The Carolina Bays are the most prevalent geological features of the Atlantic coastal plain, but few geology books mention the Carolina Bays, and when they mention them, they dismiss them as if they were just sand dunes or thermokarst lakes. Nothing could be further from the truth. The Carolina Bays have mathematically precise elliptical geometry, and this gives them a unique niche in the wide spectrum of possible geological features.
Since ellipses are conic sections, this implies that the Carolina Bays originated as inclined conical cavities and that they became shallow elliptical features through viscous relaxation. This book proposes that an extraterrestrial impact on the Laurentide Ice Sheet during the last Ice Age ejected pieces of glacier ice in ballistic trajectories, and that the secondary impacts of the glacier ice liquefied the ground and created inclined conical cavities that produced the Carolina Bays. Nebraska has similar elliptical geological features, and like the Carolina Bays, projections of their major axes converge by the Great Lakes. The saturation bombardment of glacier ice chunks that made the bays killed the North American megafauna from the Rocky Mountains to the East Coast of the United States. The global winter that ensued after the extraterrestrial impact is called the Younger Dryas cooling event.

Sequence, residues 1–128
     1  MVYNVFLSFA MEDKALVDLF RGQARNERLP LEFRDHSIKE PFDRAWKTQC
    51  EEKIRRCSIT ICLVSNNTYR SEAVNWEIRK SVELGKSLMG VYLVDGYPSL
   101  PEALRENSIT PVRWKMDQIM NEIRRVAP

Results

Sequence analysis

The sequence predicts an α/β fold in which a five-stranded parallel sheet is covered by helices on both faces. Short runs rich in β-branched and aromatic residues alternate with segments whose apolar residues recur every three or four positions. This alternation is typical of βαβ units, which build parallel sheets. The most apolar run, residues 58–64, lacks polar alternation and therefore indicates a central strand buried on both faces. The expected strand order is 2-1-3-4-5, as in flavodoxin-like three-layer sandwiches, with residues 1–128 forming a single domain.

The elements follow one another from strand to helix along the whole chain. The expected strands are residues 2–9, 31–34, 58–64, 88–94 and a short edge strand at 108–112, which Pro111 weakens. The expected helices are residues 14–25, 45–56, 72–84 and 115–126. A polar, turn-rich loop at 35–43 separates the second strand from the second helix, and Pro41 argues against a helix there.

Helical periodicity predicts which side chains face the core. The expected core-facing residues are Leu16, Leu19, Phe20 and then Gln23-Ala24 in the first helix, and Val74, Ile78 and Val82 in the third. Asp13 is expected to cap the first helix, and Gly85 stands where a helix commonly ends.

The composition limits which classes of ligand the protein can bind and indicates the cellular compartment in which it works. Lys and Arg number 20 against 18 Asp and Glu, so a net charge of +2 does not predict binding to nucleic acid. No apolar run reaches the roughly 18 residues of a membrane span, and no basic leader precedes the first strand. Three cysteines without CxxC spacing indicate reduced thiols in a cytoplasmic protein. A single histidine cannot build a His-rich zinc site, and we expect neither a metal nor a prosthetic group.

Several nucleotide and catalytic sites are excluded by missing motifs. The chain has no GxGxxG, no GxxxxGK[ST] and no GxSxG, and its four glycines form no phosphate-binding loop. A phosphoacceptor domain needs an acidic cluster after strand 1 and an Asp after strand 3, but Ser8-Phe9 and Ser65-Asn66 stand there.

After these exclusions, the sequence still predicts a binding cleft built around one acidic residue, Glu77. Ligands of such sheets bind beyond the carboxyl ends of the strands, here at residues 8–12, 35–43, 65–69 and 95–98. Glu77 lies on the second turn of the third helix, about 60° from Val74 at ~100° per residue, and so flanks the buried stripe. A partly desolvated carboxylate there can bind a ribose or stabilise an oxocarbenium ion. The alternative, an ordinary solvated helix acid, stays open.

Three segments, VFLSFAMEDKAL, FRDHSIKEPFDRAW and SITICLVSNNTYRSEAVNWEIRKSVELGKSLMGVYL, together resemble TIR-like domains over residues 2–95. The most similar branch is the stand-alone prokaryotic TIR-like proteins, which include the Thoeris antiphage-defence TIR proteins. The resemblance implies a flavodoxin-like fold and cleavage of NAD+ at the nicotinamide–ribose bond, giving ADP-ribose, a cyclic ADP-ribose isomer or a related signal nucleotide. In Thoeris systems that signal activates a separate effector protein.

The ubiquitous geological evidence of a cataclysm provided by the Carolina Bays has been ignored by scientists who dismiss the elliptical geometry of the bays and their radial orientation while insisting that the diverse dates of the terrain where the bays are found indicate that the bays were created by wind blowing across pools of water over millennia, although there is no proof that such processes can form elliptical features.
This book describes the acrimonious controversy between the proponents of impacts and the proponents of uniformitarian wind-and-water processes.